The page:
Places of the Camino
We continue on our tour through some of the most beautiful cities on the Camino de Santiago. Before strolling through Burgos and then on our way to Salamanca, we've decided to leave Castille and Leon to get to Andalusia and visit one of the most beautiful cities on the Camino and throughout all of Spain: Sevilla.
The Andalusian capital not only is the third most visited city in our country, which also has the most landmark history in Spain and third in Europe, along with Venice and Genoa. Sevilla deserves endless visits, so this article is more than justified. We'll discuss some of the more attractive monuments and places to visit.
Real Alcázar of Sevilla
Built in the 10th century as a fort, this fortified palace has been recognised as a World Heritage Site by UNESCO thirty years ago. Its history has seen both Islamic and Christian eras, which have endowed it with numerous architectural details: inside you can clearly see the Mudejar architecture in, for example, the Palace of Pedro I, while the Christian influence can be seen in the thirteenth century Gothic of the Gothic Palace constructed by Alfonso X.
Plaza de España
Located on the side of María Luisa Park and next to the gardens of the Prado de San Sebastián, this Plaza is more than 50,000 square metres and was constructed more than 100 years ago, in 1914, but only finished in 1928. Of tremendous beauty, the Plaza de España has served as a setting for all types of films including, interestingly enough, "Star Wars: Revenge of the Clones" :D
Cathedral of Sevilla and the Giralda
Built, according to tradition, since 1401 the Cathedral of Sevilla today occupies the place where the old aljama mosque of Sevilla used to stand, which preserves the minaret (the Giralda) and the Patio de Los Narajos. With more than 11,500 square feet, it is the third largest Christian temple in the world and the largest Gothic cathedral on the planet, a trivial fact compared to its striking beauty.
On the other hand, the Giralda is the bell tower of the Cathedral. This feature is not a minaret original, but rather a relic of the Christian era since more than a third of what we see today was added to create a place to house the bells. In 1987 it was recognised as a World Heritage Site by UNESCO along with the Real Alcazar of Sevilla and the General Archive of the Indies.
General Archive of the Indies
Originally built as a market place for merchants in Sevilla (at the time it was built, the late 16th century, Sevilla was the only port capable of trading with America, which generated a lot of merchant movement), it became the the General Archive of the Indies at the end of the eighteenth century in response to the need to centralise all of the documents referring to the administration of the Spanish colonies in one place, until then dispersed in the archives of Simancas, Cadiz and Sevilla. Nowadays, it is a must-see location for anyone visiting Sevilla.
Following our tour of the main sites in Sevilla, we reach the Tower of Gold, a 36m watchtower with almost 800 years of history. Its origin dates back to 1220, when the then Almohad governor of Sevilla ordered construction of what today is the first body of the tower. Since then, numerous additions, repairs and restorations have taken place in its physiognomy, generally respecting the original style.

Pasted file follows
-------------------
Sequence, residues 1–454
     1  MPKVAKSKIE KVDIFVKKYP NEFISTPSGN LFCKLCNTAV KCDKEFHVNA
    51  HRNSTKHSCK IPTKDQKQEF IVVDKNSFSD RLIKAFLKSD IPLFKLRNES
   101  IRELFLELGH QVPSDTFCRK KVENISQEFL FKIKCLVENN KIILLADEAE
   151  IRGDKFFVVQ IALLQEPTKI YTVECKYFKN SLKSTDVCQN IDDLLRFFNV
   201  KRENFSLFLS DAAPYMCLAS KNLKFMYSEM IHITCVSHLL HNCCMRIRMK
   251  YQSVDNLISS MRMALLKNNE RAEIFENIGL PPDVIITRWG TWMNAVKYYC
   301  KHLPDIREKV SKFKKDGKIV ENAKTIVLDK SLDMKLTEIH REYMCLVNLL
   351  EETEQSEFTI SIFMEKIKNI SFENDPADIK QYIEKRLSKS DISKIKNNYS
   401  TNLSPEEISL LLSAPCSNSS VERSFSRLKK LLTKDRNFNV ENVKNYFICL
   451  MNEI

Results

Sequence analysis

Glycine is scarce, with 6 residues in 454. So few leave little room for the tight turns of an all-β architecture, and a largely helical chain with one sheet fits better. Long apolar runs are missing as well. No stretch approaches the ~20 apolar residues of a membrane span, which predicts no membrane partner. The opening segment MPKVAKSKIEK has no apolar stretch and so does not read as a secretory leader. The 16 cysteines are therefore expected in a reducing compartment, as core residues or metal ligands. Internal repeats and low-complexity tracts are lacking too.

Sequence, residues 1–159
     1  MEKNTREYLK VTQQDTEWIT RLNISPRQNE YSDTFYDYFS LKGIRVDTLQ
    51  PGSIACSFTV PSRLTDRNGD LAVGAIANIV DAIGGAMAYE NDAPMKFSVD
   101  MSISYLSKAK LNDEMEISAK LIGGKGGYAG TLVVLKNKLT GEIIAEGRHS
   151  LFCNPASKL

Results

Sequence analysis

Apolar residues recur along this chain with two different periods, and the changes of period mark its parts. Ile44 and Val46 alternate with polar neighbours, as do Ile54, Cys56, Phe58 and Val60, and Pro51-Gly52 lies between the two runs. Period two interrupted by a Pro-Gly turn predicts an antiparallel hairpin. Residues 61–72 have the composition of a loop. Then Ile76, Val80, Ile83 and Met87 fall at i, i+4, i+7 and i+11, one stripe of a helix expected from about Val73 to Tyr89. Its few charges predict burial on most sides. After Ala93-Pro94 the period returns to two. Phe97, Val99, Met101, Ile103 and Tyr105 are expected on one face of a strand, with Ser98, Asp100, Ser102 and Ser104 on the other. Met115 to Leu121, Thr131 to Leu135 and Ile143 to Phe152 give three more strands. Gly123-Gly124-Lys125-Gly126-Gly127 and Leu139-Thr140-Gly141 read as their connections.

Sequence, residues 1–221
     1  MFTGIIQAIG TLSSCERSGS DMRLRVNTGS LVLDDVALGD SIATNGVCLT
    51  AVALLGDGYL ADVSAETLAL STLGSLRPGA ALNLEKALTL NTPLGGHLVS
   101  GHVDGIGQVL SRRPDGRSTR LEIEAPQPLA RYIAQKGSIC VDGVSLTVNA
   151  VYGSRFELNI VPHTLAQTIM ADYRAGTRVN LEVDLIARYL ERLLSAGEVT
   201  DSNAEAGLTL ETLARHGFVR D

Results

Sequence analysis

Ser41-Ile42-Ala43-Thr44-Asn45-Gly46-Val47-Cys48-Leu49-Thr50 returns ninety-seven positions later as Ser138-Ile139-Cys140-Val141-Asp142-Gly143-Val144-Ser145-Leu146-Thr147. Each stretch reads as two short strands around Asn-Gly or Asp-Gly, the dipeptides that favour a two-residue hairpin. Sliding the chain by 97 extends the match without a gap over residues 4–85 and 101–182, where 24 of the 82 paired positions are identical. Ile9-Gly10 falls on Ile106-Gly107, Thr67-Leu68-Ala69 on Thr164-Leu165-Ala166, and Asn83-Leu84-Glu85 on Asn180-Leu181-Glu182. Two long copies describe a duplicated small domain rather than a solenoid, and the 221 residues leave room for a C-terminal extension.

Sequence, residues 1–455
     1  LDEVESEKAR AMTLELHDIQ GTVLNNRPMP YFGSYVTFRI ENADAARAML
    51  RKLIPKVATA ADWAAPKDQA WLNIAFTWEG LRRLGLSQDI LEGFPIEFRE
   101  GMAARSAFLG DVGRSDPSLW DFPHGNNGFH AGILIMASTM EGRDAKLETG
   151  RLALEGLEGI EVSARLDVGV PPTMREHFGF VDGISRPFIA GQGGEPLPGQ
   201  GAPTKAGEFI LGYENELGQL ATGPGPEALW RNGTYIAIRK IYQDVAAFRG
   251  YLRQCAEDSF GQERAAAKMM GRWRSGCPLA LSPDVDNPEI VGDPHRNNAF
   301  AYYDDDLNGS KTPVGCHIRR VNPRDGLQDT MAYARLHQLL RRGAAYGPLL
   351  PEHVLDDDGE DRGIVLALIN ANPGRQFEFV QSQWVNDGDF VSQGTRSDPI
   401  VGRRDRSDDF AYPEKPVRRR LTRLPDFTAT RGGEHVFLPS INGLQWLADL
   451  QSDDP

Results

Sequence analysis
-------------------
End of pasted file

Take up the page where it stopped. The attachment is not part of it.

Neighbourhood of Santa Cruz
The neighbourhood of Santa Cruz is one of the prettiest in all of Sevilla, its narrow streets arranged irregularly and its old typically Sevillian houses are charming and immerse us in a unique experience. Touring the neighbourhood and getting lost in the streets is a worthwhile endeavour, finishing your walk in the gardens of Murillo and seeing a part of the city wall.
Fine Arts Museum of Sevilla
Located in a building that had originally been built as a convent of La Merced, the Museum of Fine Arts is considered one of the most important art galleries in Spain. We can find great exponents of Sevillian and Andalusian art inside.
Palace of las Dueñas
Built between the fifteenth and sixteenth centuries, this palace takes its name from the Santa María de las Dueñas, who disappeared at the end of the 19th century. Originally built as a palace house for a wealthy family from Sevilla, in the 19th century it became a neighbour house, its inhabitants including the famous Spanish poet Antonio Machado who was born there in 1875. In the Gothic-Mudejar to Renaissance styles, since 2016 it has been open to the public.
Officially known as Mushrooms of Sevilla, this pergola-like structure located in the Plaza de Encarnación is, without a doubt, the great avant-garde element of Seville, and is something that must be seen. Opened in 2011 after nearly six years of construction, the Metropol Parasol is the largest wooden structure in the world.
Plaza of Bulls
It doesn't matter if you like bulls or if you could care less, the Plaza of Bulls of the Real Maestranza in Sevilla will not leave you indifferent. Capable of hosting more than 12,000 spectators, this plaza, originally built in wood in 1773, is today an obligatory visit for anyone passing through the Andalusian capital, catalogued as one of the most beautiful bullrings in Spain.
We hope that this tour has helped you to prepare your stay in Seville, and that you now know what to see in Sevilla when your Camino takes you there. If you've enjoyed this article, don't hesitate to share it and register for our newsletter!
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